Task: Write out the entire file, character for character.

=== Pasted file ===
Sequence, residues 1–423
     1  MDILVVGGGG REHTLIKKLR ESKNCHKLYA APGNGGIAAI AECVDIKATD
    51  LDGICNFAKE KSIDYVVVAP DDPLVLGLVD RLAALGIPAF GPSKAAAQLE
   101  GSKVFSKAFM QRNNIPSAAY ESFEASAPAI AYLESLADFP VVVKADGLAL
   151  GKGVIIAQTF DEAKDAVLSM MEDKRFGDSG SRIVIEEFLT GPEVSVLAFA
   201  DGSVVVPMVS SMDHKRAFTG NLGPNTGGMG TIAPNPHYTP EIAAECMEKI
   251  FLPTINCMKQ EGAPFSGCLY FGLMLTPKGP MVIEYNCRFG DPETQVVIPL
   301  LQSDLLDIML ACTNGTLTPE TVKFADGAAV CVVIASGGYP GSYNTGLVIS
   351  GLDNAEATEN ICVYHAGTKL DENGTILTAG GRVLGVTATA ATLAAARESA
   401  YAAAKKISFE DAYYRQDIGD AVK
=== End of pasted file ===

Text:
Sequence, residues 1–423
     1  MDILVVGGGG REHTLIKKLR ESKNCHKLYA APGNGGIAAI AECVDIKATD
    51  LDGICNFAKE KSIDYVVVAP DDPLVLGLVD RLAALGIPAF GPSKAAAQLE
   101  GSKVFSKAFM QRNNIPSAAY ESFEASAPAI AYLESLADFP VVVKADGLAL
   151  GKGVIIAQTF DEAKDAVLSM MEDKRFGDSG SRIVIEEFLT GPEVSVLAFA
   201  DGSVVVPMVS SMDHKRAFTG NLGPNTGGMG TIAPNPHYTP EIAAECMEKI
   251  FLPTINCMKQ EGAPFSGCLY FGLMLTPKGP MVIEYNCRFG DPETQVVIPL
   301  LQSDLLDIML ACTNGTLTPE TVKFADGAAV CVVIASGGYP GSYNTGLVIS
   351  GLDNAEATEN ICVYHAGTKL DENGTILTAG GRVLGVTATA ATLAAARESA
   401  YAAAKKISFE DAYYRQDIGD AVK